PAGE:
Real People Empty Nesting

Tobey Dichter:
Founder of Generations on Line

By Robin Bonner

When Tobey Dichter viewed a demo of the Internet at her daughter’s college in 1996, the first thing she thought was, “Wow, older people could really use this tool!” It was just like Tobey to be thinking of the aged. She was very close to her own mother, then 84. “I have always loved old people” Tobey will tell you. One night in 1996 at a family vacation in Bermuda, a staff member treated her frail-looking mother condescendingly (although Mum was, in fact, very much “on the ball”), and that night Tobey dreamt of changing the world.

In the past, Tobey realized, elders were society’s dispensers of knowledge and were widely respected. Today, however, the young hold the keys to the vehicles of communication—computers and the Internet—things older people aren’t familiar with or comfortable using. When Tobey would bring up learning to use a computer or getting on the Internet with seniors she knew, they’d say, “Oh, no, not me—I’m not able to do that. I’m too dumb! I’m too old!” In a society that was relying more and more on technology, Tobey knew that the elderly who did not or could not adapt would soon be left behind.

Fast-forward a couple of years. Toby couldn’t stop thinking about the issues of the elderly: how they’re treated, how they feel about it, and how technology and the Internet might be able to help, if only the obstacles could be overcome. Her children were off in college, and her mother had recently passed away. As empty nesters, she and husband Mark, a lawyer, were getting home from work later and later, and possibly missing the opportunity to follow a passion. So, she left her position as Vice President of Corporate Communications and Public Affairs at SmithKline Beecham (now Glaxo SmithKline) to establish and build Generations on Line, a nonprofit designed to help older people—especially those without the means to purchase computers or get support—learn how to use the Internet to connect with friends and relatives, access important information, and build their knowledge, as well as their confidence.

Tobey was also always close to her two children, both girls. As she began a second career at midlife as a nonprofit entrepreneur, she says, “They were more proud of me at that point than they ever were all those years I was working my way up the corporate ladder in the pharmaceutical industry.” And with both daughters working in some area of nonprofits, media, or technology, Tobey had their support literally and figuratively. “They mentored me, actually—really helping me to launch a new business.” So did her husband Mark, who also has an engineering degree and “has always been fascinated by computers. His support and patience were infinite and still are to this day,” she says.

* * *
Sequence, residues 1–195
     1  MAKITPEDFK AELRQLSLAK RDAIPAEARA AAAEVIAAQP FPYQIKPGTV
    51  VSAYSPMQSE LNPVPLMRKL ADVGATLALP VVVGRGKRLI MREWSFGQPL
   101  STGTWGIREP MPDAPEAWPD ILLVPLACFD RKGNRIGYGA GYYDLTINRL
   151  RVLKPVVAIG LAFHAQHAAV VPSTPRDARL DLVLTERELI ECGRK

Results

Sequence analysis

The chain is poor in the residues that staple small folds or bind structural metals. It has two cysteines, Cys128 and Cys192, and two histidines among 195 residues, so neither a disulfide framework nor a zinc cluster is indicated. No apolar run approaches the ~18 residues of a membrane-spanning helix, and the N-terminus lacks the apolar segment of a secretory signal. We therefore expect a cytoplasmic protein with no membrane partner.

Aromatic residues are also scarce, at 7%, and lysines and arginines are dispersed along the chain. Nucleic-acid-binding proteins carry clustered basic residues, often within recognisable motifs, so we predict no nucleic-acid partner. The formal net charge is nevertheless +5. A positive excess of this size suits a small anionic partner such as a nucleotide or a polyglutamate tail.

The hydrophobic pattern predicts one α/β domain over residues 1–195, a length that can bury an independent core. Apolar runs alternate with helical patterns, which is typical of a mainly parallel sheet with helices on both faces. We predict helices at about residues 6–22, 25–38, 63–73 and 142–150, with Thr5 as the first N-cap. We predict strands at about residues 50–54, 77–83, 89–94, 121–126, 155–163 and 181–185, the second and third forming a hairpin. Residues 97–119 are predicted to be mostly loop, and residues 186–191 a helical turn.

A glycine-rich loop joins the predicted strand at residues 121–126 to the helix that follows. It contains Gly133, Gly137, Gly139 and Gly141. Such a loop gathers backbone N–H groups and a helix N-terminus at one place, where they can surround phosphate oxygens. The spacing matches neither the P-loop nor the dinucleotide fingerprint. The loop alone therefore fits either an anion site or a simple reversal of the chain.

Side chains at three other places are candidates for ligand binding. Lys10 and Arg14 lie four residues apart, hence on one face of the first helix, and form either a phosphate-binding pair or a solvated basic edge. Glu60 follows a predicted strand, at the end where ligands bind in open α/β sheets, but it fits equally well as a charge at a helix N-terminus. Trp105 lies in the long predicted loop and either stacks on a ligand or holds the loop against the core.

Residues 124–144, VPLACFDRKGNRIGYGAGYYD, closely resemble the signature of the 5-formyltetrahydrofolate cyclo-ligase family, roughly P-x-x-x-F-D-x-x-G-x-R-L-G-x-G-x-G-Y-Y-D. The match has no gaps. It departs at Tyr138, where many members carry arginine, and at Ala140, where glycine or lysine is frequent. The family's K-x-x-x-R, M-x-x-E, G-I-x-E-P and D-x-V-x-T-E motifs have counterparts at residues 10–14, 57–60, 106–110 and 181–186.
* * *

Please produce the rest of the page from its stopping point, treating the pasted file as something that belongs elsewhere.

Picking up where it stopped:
Like many of us, Tobey Dichter muscled her way through her empty-nesting years, squeezed by the dual obligations of learning to let go as a mother and learning to help as a daughter. Yet she was able to create something monumental from the experience: With her daughters’ help and her mother in mind, she launched Generations on Line, which to date has helped more than 70,000 people over 65 get online in more than 1800 facilities throughout the United States and Canada. The nonprofit has won major awards from the American Society on Aging and other organizations. And, Tobey has done Empty Nest readers a great honor by agreeing to share her story . . .

EN: Tobey, what aspects of your life laid the foundation for your penchant for supporting older people? Were you close to your grandparents? What role did they have in your family? What did you learn from your parents, and how did you teach this love for elders to your own children?

TD: None of my own grandparents were able to play a role in my life, but I have always considered my mother to be my best friend, and her brother, my uncle, to be my hero. They each loved life to the fullest and took advantage of every opportunity for art and culture, friends and laughter. One needn’t try to teach love—just model it. Our daughters have a special compassion for older people—perhaps because they value wisdom and were lucky to have wonderful grandparents on both sides.